But this religion, having no particular relation with the body politic, leaves to the laws only the force that they derive from themselves, without adding to them any other; and thereby one of the great bonds of the particular society remains ineffective. What is more, far from attaching the hearts of citizens to the State, it detaches them from it and from all earthly things. I know of nothing more contrary to the social spirit.
We are told that a nation of true Christians would form the most perfect society conceivable. In this supposition I see only one great difficulty—that a society of true Christians would be no longer a society of men.
I say even that this supposed society, with all its perfection, would be neither the strongest nor the most durable; by virtue of its perfection it would lack cohesion; its perfection, indeed, would be its destroying vice.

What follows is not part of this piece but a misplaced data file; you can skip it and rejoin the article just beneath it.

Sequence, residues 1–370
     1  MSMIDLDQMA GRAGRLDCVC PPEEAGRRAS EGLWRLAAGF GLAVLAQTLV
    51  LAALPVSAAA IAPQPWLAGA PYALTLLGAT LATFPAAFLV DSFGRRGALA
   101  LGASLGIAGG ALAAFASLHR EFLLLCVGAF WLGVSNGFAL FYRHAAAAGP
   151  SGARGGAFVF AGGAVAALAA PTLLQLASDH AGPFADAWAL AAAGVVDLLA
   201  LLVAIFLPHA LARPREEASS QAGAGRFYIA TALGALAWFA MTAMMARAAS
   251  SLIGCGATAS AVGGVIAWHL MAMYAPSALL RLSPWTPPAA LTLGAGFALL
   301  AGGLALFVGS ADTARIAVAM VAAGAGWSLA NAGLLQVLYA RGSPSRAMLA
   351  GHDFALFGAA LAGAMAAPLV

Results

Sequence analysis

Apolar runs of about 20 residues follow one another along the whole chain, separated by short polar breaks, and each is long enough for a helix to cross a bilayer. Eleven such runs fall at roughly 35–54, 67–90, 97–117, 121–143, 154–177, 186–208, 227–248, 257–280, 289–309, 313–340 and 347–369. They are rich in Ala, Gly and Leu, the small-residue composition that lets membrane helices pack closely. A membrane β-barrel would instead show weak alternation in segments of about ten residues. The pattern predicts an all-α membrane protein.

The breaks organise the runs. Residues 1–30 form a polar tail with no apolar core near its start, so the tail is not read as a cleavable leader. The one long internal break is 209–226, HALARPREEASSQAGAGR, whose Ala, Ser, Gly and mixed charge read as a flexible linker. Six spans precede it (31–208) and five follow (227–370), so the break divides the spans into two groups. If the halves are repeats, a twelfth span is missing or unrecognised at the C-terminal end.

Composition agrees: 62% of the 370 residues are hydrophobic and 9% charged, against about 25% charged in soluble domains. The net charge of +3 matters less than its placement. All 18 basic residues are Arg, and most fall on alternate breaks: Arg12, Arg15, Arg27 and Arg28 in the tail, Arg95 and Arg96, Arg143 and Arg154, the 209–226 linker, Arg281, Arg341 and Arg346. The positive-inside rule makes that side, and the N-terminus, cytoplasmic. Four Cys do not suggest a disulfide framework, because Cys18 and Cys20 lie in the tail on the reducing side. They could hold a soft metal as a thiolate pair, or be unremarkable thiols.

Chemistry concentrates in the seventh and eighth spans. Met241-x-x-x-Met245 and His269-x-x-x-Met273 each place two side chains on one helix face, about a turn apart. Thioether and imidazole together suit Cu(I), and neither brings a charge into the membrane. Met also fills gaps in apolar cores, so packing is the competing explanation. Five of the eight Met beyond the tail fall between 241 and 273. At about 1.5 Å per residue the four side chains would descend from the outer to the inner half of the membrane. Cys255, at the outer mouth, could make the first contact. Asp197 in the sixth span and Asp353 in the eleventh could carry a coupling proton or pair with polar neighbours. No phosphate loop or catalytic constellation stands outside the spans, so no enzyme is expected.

Each man would perform his duty; the people would be obedient to the laws, the chief men would be just and moderate, and the magistrates upright and incorruptible; the soldiers would despise death; there would be neither vanity nor luxury. All this is very good; but let us look further.
Christianity is an entirely spiritual religion, concerned solely with heavenly things; the Christian’s country is not of this world. He does his duty, it is true; but he does it with a profound indifference as to the good or ill success of his endeavors. Provided that he has nothing to reproach himself with, it matters little to him whether all goes well or ill here below. If the State is flourishing, he scarcely dares to enjoy the public felicity; he fears to take a pride in the glory of his country. If the State declines, he blesses the hand of God which lies heavy on his people.